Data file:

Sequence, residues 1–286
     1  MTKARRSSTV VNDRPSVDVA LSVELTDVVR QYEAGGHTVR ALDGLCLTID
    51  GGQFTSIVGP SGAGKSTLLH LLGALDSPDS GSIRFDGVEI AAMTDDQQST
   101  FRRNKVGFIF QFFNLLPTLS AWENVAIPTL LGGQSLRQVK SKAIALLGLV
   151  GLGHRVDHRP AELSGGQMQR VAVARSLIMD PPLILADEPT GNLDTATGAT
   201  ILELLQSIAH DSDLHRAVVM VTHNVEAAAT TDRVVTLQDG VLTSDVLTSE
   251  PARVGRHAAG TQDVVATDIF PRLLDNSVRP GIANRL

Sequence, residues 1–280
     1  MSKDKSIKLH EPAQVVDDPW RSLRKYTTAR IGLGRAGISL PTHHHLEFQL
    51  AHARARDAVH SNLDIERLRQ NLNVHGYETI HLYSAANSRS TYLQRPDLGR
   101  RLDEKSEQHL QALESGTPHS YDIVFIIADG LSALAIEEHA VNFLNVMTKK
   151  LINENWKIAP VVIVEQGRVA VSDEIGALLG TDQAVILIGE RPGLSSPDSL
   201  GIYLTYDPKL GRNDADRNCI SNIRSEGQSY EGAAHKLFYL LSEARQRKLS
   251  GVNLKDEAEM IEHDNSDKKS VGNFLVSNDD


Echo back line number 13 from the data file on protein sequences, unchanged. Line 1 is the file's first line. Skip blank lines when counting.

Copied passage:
   201  GIYLTYDPKL GRNDADRNCI SNIRSEGQSY EGAAHKLFYL LSEARQRKLS